World English Bible
The World English Bible (WEB) is a Public Domain (no copyright) Modern English translation of the Holy Bible. That means that you may freely copy it in any form, including electronic and print formats. The World English Bible is based on the American Standard Version of the Holy Bible first published in 1901, the Biblia Hebraica Stutgartensa Old Testament, and the Greek Majority Text New Testament. It is in draft form, and currently being edited for accuracy and readability. The New Testament, Psalms, and Proverbs are close to how they will read when they are finished, but most of the Old Testament still contains some archaic grammar that will be revised. For more information, please see the World English Bible Frequently Asked Questions.
There is also a World English Bible: Messianic Edition, initially called the Hebrew Names Version, that is created by substituting traditional Hebrew names and phrases for equivalent Greek/English names and phrases. Although there are Hebrew versions of some names and a few differing translational choices where more than one rendition is reasonable, the meaning of the Holy Scriptures remains the same. Like the WEB, the HNV is in draft form right now. It is automatically updated as the World English Bible and the substitution list are updated.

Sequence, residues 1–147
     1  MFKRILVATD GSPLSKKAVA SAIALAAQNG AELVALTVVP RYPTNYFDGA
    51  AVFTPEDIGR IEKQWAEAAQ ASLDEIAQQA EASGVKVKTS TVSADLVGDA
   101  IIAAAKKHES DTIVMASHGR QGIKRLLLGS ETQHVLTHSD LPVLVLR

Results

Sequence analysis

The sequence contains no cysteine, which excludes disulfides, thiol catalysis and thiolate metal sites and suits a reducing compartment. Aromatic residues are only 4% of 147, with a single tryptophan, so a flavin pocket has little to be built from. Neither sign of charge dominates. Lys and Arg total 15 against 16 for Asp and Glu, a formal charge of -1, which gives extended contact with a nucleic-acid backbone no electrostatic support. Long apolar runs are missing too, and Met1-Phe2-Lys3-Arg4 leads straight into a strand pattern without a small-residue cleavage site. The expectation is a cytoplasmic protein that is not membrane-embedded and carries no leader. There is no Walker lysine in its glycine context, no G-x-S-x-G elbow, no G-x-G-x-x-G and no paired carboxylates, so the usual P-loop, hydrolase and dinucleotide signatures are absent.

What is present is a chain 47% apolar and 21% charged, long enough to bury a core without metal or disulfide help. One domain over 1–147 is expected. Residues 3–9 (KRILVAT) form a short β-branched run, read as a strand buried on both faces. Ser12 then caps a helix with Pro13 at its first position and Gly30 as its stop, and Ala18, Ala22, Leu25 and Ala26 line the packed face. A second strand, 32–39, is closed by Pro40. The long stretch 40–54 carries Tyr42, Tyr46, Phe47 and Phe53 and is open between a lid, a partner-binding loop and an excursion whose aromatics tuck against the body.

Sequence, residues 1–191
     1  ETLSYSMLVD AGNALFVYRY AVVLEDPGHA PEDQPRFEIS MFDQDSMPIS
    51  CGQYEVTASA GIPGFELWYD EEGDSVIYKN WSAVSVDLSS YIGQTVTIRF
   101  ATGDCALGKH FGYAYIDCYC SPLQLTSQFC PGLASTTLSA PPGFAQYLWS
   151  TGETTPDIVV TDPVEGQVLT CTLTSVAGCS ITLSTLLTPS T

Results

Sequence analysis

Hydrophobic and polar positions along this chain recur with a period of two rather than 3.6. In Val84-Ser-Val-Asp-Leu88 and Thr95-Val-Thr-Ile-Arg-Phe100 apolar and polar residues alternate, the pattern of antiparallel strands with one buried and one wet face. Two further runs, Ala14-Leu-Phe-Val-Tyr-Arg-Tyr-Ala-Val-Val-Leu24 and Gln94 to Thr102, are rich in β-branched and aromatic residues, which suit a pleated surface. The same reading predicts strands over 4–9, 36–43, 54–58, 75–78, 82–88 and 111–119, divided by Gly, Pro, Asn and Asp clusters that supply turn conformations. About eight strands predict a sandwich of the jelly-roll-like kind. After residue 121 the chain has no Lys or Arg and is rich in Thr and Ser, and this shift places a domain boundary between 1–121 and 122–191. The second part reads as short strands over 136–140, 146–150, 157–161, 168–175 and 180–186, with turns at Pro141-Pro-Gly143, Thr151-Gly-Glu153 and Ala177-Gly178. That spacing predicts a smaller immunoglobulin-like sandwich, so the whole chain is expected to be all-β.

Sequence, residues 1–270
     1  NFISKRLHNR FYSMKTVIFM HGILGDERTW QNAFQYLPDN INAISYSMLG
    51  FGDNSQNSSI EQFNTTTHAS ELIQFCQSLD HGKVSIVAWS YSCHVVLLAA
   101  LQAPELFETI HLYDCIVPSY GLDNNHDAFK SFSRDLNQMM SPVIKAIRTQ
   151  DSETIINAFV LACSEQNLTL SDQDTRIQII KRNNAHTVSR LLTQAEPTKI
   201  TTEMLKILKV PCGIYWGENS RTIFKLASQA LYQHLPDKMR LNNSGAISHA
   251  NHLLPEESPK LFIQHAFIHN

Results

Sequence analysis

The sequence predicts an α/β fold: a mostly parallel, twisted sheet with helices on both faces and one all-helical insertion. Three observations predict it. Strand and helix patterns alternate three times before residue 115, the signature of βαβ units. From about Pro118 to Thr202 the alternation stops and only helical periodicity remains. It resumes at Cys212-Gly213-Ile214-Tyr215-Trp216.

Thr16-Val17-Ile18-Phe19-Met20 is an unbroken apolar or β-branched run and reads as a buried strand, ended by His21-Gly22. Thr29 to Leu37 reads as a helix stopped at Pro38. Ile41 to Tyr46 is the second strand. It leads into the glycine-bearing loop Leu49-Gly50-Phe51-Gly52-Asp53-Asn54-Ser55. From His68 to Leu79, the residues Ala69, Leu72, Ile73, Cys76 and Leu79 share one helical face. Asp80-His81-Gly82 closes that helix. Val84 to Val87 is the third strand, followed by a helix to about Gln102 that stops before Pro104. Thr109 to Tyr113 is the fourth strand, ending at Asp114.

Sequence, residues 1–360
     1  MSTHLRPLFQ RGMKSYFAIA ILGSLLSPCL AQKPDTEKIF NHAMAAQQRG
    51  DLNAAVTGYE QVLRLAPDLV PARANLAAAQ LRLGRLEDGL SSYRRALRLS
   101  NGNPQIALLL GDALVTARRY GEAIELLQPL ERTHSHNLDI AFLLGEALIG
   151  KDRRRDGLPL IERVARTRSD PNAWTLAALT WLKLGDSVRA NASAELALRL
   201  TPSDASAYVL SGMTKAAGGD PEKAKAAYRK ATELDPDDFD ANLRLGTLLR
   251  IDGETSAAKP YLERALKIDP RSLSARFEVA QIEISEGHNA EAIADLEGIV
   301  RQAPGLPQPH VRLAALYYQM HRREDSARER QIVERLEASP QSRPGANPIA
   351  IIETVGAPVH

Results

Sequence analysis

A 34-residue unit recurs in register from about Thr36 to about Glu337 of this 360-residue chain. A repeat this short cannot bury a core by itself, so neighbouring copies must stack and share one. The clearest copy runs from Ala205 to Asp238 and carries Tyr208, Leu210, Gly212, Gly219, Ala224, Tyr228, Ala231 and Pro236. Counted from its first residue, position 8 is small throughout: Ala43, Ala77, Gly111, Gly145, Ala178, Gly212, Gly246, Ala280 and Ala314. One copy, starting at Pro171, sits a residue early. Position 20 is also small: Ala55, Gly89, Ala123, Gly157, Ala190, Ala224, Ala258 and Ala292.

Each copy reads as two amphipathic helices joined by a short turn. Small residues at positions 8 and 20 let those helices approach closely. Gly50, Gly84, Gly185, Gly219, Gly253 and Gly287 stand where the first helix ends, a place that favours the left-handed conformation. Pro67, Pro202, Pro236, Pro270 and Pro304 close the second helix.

The World English Bible British Edition is the same as the World English Bible, except (1) God's Proper Name in the Old Testament is translated "LORD" or "GOD" (all capitals) instead of "Yahweh", and (2) British spelling instead of American spelling is used. We avoid words and phrases that have different meaning in these two dialects, and use punctuation acceptable for both. It is our hope that picking the version that uses the spelling conventions of your own country will lead to smoother reading with fewer distractions due to spelling differences.
A Translation for Translators is a separate translation project by Ellis Deibler, Jr. It is copyrighted, but made available under a Creative Commons BY-NC-ND license. In many languages, it is impossible to say things without specifying additional information, like if a brother or sister was younger or older. Ellis does much of the hard work of finding this additional information by digging the implicit information from the text and annotating it. This is very useful for Bible translators working in certain languages, but it can also be useful as a study tool for the general public.